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Miami Forgery Defense Attorney
Serving Fort Lauderdale & the Surrounding Counties
Forgery is the unlawful act of creating or altering a document or other instrument for fraudulent or deceitful purposes. Under state law in Florida, the actual creation of such a document is considered forgery, and any use of forged objects is considered “uttering forged instruments.”
Both crimes are classified as felony offenses, and convictions can carry extremely steep penalties. In addition to lengthy prison sentences and substantial fines, these “crimes of dishonesty” also stay on the criminal records of alleged offenders and can cause immense hardship when it comes to matters concerning employment or housing.
If you were arrested or believe that you could be under investigation for alleged forgery in Florida, it is in your best interest to immediately retain legal counsel. The Hoffman Firm can fight to get your criminal charges reduced or completely dismissed. Our Miami forgery defense attorney, Evan Hoffman, aggressively defends clients accused of these types of white collar crimes in Opa-locka, Miami Beach, Hialeah, South Miami, Fort Lauderdale, and many surrounding communities in Miami-Dade County.
The Definition of Forgery in Florida
Florida Statute § 831.01 defines forgery as falsely making, altering, forging, or counterfeiting certain types of documents. Under Florida Statute § 831.02, any attempt to use the forged document is considered uttering forged instruments.
The forgery statute specifically refers to public records or certificates, returns, or attestations of any clerk or register of a court, public register, notary public, town clerk, or any public officer, in relation to a matter wherein such certificates, returns, or attestations may be received as a legal proof.
Some of the other common types of forged documents in Florida include, but are not limited to:
People may also be prosecuted for any one of several related offenses under Chapter 831 of the Florida Statutes relating to forgery and counterfeiting.
Other crimes listed in this chapter include, but are not limited to:
- Offenses involving forging or counterfeiting private labels, Florida Statute § 831.032: Third-degree felony, second-degree felony, and first-degree felony offenses
- Penalty for changing or forging certain instruments of writing, Florida Statute § 831.04: Third-degree felony
- Forging bank bills, checks, drafts, or promissory notes, Florida Statute § 831.07: Third-degree felony
- Possessing certain forged notes, bills, checks, or drafts, Florida Statute § 831.08: Third-degree felony
- Uttering forged bills, checks, drafts, or notes, Florida Statute § 831.09: Third-degree felony
- Bringing into the state forged bank bills, checks, drafts, or notes, Florida Statute § 831.11: Third-degree felony
- Making or possessing instruments for forging bills, Florida Statute § 831.18: Third-degree felony
- Forging or counterfeiting doctor's certificate of examination, Florida Statute § 831.21: Third-degree felony
- Counterfeiting a payment instrument; possessing a counterfeit payment instrument, Florida Statute § 831.28: Third-degree felony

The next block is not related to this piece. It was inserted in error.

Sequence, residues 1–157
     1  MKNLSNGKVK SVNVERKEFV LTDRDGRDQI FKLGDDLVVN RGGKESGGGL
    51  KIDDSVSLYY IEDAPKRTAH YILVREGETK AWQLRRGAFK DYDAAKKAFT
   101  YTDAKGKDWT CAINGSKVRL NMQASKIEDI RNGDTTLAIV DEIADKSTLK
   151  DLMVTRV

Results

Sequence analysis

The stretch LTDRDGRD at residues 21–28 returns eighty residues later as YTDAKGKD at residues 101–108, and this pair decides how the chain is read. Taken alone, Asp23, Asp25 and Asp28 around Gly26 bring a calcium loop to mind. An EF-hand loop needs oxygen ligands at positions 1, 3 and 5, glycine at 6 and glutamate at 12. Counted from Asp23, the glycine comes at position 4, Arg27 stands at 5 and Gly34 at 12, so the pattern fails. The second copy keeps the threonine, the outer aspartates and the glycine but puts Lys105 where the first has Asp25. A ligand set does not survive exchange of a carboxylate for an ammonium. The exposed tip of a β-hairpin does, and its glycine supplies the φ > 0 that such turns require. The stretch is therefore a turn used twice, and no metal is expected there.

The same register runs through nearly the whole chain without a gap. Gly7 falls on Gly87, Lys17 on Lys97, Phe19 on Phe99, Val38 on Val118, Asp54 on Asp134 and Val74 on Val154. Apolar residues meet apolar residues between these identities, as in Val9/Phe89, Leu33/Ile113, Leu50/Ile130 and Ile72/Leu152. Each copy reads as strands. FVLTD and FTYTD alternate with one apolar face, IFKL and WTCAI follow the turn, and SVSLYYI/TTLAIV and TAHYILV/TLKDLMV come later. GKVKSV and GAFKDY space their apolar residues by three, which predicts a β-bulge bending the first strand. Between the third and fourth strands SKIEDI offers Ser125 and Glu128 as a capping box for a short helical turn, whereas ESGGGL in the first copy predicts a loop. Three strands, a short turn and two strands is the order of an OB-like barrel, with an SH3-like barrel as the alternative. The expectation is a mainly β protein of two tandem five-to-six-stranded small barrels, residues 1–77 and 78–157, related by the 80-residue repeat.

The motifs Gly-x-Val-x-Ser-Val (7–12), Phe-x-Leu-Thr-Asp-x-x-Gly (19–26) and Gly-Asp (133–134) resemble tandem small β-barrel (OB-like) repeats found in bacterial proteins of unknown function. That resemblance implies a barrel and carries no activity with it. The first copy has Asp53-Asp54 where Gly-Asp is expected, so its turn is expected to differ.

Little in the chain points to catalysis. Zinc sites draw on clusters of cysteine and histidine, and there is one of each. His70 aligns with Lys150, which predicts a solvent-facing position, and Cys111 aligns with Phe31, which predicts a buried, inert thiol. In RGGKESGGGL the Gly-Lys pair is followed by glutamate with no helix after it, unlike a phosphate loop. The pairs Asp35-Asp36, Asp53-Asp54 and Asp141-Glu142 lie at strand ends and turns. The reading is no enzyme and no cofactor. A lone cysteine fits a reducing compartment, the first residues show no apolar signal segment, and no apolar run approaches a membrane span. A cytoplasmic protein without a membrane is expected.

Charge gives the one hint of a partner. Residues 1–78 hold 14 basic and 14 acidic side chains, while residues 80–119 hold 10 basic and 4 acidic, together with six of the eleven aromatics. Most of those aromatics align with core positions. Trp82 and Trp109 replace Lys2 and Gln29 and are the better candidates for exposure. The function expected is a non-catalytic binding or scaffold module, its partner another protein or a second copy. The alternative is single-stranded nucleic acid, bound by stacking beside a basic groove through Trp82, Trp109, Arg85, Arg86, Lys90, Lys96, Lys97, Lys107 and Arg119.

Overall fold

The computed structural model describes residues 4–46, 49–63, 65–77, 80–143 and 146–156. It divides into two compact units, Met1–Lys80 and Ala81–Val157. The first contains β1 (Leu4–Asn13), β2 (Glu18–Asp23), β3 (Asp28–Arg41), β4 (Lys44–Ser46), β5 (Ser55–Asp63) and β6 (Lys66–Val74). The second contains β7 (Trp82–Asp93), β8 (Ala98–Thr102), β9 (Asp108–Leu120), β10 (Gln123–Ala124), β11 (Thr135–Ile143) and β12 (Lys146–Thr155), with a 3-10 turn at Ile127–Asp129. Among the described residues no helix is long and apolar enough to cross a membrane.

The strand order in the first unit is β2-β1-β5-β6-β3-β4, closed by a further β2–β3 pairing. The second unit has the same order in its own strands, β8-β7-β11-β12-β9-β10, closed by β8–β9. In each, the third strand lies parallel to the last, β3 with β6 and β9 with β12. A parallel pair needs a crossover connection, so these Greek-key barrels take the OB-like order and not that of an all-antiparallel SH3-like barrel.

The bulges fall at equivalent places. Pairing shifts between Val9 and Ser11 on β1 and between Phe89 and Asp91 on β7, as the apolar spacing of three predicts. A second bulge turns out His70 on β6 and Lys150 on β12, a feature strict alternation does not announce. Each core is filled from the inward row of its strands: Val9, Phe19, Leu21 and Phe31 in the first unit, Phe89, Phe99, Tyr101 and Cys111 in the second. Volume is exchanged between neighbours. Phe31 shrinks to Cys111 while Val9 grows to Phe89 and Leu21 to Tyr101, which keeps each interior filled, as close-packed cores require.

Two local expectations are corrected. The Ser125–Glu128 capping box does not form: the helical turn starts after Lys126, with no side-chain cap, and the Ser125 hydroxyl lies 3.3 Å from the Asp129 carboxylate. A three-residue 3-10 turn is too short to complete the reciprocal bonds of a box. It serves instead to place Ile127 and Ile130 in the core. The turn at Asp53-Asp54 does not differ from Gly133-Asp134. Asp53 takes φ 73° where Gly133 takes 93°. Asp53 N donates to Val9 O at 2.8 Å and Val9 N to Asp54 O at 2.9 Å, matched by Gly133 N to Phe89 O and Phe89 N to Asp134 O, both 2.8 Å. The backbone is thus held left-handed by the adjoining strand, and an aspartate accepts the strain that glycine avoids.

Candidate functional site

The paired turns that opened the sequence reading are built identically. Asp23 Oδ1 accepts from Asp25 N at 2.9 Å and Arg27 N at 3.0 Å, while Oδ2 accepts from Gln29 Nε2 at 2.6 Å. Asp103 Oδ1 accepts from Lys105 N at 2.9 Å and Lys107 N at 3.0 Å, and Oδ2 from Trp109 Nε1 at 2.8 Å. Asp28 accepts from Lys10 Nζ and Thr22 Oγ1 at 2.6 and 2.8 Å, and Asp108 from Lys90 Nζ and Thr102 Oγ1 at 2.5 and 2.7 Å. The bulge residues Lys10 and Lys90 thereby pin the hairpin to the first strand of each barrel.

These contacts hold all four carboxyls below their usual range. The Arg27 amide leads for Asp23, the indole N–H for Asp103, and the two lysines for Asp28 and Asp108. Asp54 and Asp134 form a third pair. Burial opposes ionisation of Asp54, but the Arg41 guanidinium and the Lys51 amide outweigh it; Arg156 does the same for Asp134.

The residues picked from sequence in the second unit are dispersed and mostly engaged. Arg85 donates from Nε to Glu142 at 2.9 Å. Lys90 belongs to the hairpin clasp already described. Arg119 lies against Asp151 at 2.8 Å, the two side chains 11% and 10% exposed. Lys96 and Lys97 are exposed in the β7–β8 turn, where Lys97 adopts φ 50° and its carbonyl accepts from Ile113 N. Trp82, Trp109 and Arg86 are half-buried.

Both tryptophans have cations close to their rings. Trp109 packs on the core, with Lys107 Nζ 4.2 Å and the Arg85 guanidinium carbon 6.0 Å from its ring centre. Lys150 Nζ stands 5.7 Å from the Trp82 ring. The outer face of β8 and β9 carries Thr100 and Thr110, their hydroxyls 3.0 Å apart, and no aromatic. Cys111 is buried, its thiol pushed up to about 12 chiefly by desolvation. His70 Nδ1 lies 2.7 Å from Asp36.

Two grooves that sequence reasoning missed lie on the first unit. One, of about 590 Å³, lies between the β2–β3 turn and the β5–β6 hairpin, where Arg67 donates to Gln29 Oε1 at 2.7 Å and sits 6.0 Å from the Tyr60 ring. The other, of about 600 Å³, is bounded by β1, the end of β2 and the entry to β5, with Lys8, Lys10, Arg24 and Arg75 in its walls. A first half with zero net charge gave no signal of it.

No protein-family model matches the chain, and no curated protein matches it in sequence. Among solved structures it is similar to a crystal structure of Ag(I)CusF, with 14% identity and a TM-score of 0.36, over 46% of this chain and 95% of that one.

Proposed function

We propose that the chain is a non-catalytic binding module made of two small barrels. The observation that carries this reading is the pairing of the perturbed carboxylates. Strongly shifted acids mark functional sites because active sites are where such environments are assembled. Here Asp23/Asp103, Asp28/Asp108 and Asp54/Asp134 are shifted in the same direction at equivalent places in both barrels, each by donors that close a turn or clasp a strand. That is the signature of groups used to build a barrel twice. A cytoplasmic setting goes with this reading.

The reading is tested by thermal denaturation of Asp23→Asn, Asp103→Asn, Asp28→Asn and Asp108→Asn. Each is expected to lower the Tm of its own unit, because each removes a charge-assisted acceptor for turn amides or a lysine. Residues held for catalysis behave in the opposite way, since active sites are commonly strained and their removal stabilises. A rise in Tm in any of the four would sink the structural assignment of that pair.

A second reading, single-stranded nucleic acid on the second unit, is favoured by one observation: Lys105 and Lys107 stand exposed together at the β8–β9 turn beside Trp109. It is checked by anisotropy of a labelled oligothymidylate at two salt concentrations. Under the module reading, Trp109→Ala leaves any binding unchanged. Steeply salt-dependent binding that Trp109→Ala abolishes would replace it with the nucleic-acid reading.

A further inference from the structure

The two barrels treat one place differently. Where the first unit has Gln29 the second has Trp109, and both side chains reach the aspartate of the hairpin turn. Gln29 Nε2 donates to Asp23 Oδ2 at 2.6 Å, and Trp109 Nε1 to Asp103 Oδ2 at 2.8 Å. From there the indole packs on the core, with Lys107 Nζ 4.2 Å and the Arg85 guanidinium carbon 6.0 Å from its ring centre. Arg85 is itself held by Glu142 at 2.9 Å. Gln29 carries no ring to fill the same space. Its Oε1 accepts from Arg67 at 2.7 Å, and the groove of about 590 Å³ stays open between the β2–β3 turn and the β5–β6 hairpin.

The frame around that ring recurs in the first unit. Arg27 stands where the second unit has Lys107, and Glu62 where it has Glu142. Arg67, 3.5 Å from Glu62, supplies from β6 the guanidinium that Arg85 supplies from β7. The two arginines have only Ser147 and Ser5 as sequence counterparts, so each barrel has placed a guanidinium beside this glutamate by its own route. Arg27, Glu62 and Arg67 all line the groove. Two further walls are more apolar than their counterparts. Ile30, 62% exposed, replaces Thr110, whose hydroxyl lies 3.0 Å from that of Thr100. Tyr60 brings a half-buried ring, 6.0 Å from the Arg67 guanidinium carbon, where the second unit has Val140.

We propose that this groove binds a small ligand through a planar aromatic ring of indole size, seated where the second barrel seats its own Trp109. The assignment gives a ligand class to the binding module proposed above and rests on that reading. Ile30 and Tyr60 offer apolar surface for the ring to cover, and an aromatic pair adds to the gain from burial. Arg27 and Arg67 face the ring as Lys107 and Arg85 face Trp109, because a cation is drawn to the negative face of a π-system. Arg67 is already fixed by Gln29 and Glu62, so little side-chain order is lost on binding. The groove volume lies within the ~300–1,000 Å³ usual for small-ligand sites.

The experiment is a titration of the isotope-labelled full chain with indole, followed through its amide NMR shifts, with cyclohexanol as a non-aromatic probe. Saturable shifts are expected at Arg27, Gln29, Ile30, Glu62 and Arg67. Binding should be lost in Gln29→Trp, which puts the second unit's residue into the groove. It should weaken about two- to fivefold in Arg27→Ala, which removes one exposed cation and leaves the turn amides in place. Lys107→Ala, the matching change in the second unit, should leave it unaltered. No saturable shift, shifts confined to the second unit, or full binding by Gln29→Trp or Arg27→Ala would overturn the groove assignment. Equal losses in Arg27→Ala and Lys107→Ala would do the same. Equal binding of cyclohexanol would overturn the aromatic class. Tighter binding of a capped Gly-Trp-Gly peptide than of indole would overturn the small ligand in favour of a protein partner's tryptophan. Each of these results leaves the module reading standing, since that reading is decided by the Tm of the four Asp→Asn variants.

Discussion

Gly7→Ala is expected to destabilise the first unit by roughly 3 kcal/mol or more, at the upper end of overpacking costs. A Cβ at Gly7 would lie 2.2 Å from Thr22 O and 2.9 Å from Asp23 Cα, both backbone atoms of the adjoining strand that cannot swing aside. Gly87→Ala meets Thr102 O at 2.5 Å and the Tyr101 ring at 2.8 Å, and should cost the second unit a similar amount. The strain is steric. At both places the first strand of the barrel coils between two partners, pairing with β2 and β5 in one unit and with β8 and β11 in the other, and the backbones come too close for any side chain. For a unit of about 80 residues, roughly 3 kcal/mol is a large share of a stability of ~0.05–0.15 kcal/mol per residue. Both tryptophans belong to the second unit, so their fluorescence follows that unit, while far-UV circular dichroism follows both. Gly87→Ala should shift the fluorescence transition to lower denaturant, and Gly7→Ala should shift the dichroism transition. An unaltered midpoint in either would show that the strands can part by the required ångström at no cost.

- Making or having instruments and material for counterfeiting driver licenses or identification cards, Florida Statute § 831.29: Second-degree felony
Penalties for Forgery in Miami-Dade County
Both forgery and uttering forged instruments are third-degree felony offenses punishable by a maximum sentence of five years in prison and/or a maximum fine of $5,000. It is important to keep in mind that an alleged offender could face multiple counts of forgery, though. This means that a person who is charged with six counts of forgery could potentially be sentenced to up to 30 years in prison (five years for each count).
In order to be convicted of forgery, Florida Standard Jury Instructions Chapter 17.1 establish that a prosecutor must prove that the alleged offender intended to injure or defraud some person or firm. When a person is accused of uttering forged instruments, Florida Standard Jury Instructions Chapter 17.2 states that the prosecutor must also prove the alleged offender knew the document described in charge was false, altered, forged, or counterfeited.
Criminal intent can be one of the most difficult elements of a forgery offense for any prosecutor to prove, as without any direct evidence of such an admission, intent is typically based on circumstantial evidence. An experienced criminal defense attorney can often use this lack of concrete evidence to get forgery charges reduced or dismissed.
Contact Us Now for a Free Consultation
If you believe you are under investigation for forgery or if you have already been arrested or charged with forgery, do not wait to contact The Hoffman Firm to discuss your case with our Miami forgery defense lawyer. We have been providing aggressive legal defense since 2001, and we are ready to fight for you and your rights.
Client-Focused RepresentationOur Firm is dedicated to client satisfaction. We are available 24/7 to help those in need.
Decades of ExperienceAttorney Evan Hoffman has over two decades of experience fighting for the accused.
Premier Criminal Defense FirmExperienced Attorney Evan Hoffman has handled some of the most high profile and complex cases.
Proven Track RecordClient satisfaction is our top priority. At The Hoffman Firm we take great pride in our success and case victories.
Florida Former State ProsecutorAttorney Evan Hoffman has extensive knowledge of the strategies used by prosecutors throughout Florida.
Free Initial ConsultationWe offer free initial consultations to ensure that we have your best interests in mind.